Data Modeling is Hard!

Map it out. Yep, simple as that. I knew what the current functionality was, so it is simple to map what's happening now to what will be happening in the new paradigm.

You know where this is going.

Not that simple.

Software engineering is messy

This is a truth not many people talk about, but it is definitively true. TRUTH!

I've seen plenty of people trying to engineer their way to perfection, but we're too squishy and unlike machines to force that.

Estimation? An art more than a science. Obviously we can give more accurate estimates due to many pieces of evidence, but still not perfect.

Bugs? Yep, they exist because not everything is designed exactly with no wiggle room. Squishy.

Data model? This is probably the closest thing we can get to planning up front and coming out on top. In the last couple weeks I've been trying to solve this the messy way.

Solution?

I don't really want to call it a solution, but I'll explain what turned out to be my approach and I don't think it is far off of what I'd do next time.

First

I just started hacking at it. This was great because I didn't know exactly what I was getting into. About two days in I realized there was more than meets the eye on this one. It was a bit like an iceberg, but more like a 30/70 ratio of seen/unseen.

Why did this turn out well? I learned a lot about the current system. It might have been like pulling teeth (mine or others) to hash this out without hacking. Getting some one to describe all the ins and the outs of how software is designed and works is incredibly difficult. They either don't want to do it or don't want to admit they don't know it - all of it anyway. The other option is exploratory documentation. I find this tedious and puts most people to sleep. Hacking at it makes action and you get to see results. Dopamine hits!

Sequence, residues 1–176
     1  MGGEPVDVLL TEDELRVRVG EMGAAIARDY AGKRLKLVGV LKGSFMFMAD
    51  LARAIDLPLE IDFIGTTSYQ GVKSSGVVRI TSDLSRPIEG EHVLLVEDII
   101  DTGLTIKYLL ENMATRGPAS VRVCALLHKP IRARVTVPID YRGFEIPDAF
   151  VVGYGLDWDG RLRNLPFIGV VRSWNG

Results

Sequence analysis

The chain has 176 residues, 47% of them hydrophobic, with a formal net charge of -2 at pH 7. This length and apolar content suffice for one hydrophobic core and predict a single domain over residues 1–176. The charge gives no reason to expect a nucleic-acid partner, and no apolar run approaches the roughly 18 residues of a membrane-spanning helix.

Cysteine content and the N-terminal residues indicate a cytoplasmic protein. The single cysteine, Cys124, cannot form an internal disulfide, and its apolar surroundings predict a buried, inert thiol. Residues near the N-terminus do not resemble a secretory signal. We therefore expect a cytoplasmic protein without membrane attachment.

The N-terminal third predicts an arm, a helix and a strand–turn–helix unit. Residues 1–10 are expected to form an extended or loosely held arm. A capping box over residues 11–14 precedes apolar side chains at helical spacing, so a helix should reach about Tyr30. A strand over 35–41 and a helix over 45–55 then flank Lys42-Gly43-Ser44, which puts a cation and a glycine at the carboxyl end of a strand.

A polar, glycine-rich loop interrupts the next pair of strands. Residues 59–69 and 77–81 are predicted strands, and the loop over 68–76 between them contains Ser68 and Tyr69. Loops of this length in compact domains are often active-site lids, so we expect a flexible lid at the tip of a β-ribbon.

Second

Ok, back up! Now that I knew there was more than I thought here, I retreated and start documenting what I figured out. Here is where the mapping started. I came up with some good diagrams and lists of items and thought I was done.

Third (and fourth, and fifth, and...)

Review and revise. Do it again. And again. After writing all this down and sharing it with others, many things became clear to all of us. "Oh, we also need that over here" or "We actually don't need that any longer" are the types of comments I got. Super helpful!

Finally

Write the code (again). This time I could at least start from a place I knew more about. I'll be honest, it wasn't pretty and still took longer than I'd like it to (thank you Hibernate and JPA), but it was much more enjoyable and not so destructive this time.

I now have a model working side-by-side with the old one so I can easily swap one for the other when we're ready. Definitely not a finished product, but a really good start.

Jeffrey Fate

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